’ I began by making a breadboard diagram in Fritzing followed by a schematic diagram in circuit-diagram.org. The diagrams portray two LEDs connected to Arduino pins 9 and 10 as outputs and a button connected to Arduino port 2 as an input.

I succumbed to looking at the code solutions first. But I ran through all the tutorials. I might need an explanation on thresholds and how to use the trigger variable. Also the nesting of statement was a bit perplexing.'


Detail image

Detail image

Detail image

Detail image


You can add code inside the code fences. The letter c after the three backticks means that the syntax highlighting will use the programming language c as the rules on how different parts of the text should be highlighted.

//decalare variables
//variables corresponding LEDs to ports 9, 10 on Arduino?
int ledPin1 = 10;
int ledPin2 = 9;
//variable assigning button to port 2 on Arduino?
int btnPin = 2;
//setting the value of the button to 0?
int btnState = 0;
//variable to check if state of button has changed?
int prevBtnState = 0;
//how many times button is pressed?
int counter = 0;

void setup() {
  // put your setup code here, to run once:
//setting pins 9, 10 as output?
  pinMode(ledPin1, OUTPUT);
  pinMode(ledPin2, OUTPUT);
//setting pin 2 as input?
  pinMode(btnPin, INPUT);

void loop() {
  // check the button
  btnState = digitalRead(btnPin);

  // check if the state is different from the previous loop
//nesting if statement…when and why?
  if (btnState != prevBtnState) {
    if (btnState == HIGH) {
      // add one to the counter
      // check if the counter is too large
//counter corresponds to three states or LED on/off combinations that can exist within the setup?
        counter = 0;
//Showing the counter value
  // store the current button state for the next loop
  prevBtnState = btnState;

//switch…case statement…new to me
  switch (counter) {
//both LEDs are off
    case 0:
      digitalWrite(ledPin1, LOW);
      digitalWrite(ledPin2, LOW);
//First LED is on
    case 1:
      digitalWrite(ledPin1, HIGH);
      digitalWrite(ledPin2, LOW);
//both LEDs are on
    case 2:
      digitalWrite(ledPin1, HIGH);
      digitalWrite(ledPin2, HIGH);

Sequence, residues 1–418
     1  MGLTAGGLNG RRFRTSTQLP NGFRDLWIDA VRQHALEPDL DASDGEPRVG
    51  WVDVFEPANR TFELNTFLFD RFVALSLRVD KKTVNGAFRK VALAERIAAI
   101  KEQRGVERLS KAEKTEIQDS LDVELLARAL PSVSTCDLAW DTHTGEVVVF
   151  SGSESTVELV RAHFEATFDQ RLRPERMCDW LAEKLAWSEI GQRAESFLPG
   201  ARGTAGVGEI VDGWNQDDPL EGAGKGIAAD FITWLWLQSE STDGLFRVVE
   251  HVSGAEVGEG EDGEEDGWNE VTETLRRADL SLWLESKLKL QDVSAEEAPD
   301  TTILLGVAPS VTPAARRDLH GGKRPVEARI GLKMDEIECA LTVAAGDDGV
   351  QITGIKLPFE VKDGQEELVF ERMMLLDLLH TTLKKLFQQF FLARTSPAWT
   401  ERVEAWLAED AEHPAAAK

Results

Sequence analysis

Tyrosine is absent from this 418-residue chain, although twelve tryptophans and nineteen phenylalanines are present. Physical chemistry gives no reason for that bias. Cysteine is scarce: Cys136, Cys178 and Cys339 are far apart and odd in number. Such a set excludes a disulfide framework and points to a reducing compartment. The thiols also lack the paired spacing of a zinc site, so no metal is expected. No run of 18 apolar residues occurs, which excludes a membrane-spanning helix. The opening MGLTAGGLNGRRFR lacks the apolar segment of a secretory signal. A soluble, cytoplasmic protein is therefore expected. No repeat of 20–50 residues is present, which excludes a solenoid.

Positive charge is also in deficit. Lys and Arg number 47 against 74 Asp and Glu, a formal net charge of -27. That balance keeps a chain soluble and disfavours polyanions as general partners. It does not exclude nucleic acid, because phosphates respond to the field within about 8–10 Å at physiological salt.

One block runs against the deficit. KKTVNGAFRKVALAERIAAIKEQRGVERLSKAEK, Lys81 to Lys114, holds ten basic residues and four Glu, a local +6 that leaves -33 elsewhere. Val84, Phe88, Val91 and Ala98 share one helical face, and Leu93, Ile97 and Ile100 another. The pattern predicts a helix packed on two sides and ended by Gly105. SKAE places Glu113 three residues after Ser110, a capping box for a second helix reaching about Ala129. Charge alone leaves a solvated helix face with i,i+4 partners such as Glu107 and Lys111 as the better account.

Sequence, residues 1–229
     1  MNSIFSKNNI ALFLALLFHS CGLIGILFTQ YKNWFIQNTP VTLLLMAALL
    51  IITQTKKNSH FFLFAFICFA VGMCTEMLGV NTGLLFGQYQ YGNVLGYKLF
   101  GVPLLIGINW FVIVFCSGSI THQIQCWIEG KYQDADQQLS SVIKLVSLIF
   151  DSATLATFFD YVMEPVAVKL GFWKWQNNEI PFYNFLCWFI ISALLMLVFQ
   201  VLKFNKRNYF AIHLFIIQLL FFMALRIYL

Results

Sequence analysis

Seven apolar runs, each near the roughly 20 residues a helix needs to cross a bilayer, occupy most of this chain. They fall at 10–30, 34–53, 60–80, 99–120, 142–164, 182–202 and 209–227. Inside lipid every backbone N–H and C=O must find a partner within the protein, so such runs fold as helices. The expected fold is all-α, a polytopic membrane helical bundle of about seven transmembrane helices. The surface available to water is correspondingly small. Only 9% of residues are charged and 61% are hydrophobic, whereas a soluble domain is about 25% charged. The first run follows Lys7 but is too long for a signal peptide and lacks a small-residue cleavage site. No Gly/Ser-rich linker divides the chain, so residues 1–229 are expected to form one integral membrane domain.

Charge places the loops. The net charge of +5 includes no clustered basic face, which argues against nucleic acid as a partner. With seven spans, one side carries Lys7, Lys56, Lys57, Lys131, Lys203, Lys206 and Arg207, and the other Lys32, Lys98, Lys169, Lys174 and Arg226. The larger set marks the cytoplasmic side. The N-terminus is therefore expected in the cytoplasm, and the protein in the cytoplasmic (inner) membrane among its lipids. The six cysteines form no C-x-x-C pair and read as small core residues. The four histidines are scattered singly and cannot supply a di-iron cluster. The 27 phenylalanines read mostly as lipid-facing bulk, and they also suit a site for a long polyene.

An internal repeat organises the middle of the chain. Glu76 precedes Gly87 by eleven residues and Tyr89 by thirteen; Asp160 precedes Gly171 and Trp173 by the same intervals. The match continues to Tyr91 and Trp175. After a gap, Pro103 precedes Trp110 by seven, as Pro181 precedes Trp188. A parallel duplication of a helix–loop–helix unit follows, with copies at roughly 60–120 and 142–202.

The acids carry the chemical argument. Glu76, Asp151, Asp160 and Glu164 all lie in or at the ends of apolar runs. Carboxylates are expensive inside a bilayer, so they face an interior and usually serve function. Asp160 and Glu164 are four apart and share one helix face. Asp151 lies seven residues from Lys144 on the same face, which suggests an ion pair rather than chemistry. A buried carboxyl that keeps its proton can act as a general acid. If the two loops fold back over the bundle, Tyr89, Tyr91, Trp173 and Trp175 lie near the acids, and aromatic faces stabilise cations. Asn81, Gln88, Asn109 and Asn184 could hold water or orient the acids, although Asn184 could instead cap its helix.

// delay helps to prevent noise from the input signal


Vimeo or YouTube

If you want to include a video from Vimeo or YouTube, you can use these shortcodes. The numbers/characters is the ID of the video.

{{<vimeo id="84880475" class="video">}}

If you are reading the .md file, the line below is the actual way you use it your page. If you are reading the website, you should see a video player below this.

{{<youtube dQw4w9WgXcQ>}}

If you are reading the .md file, the line below is the actual way you use it your page. If you are reading the website, you should see a video player below this.

Video file in the repository

You can add video files also directly to your site. The recommended way to do this is to use the hugo-video component that we have installed on the site.

Keep in mind a couple of rules:

  • The video needs to be in a folder called video inside the folder where your index.md file is.
  • Your video file needs to be very small so that it fits into the GitLab repository. Maximum size is 50MB, but ideally it should be even much smaller (under 10 MB). You can use the free tool HandBrake to convert your video to a smaller size.
  • Use .mp4 as the file format

Once you have your file ready and placed correctly, you can use the following code snippet to display your video:

<video controls width=100%>
  <source src ="./video/example-video.mp4" type="video/mp4">
  Your browser does not support the video tag.

Just update the filename to be correct. Here is the result: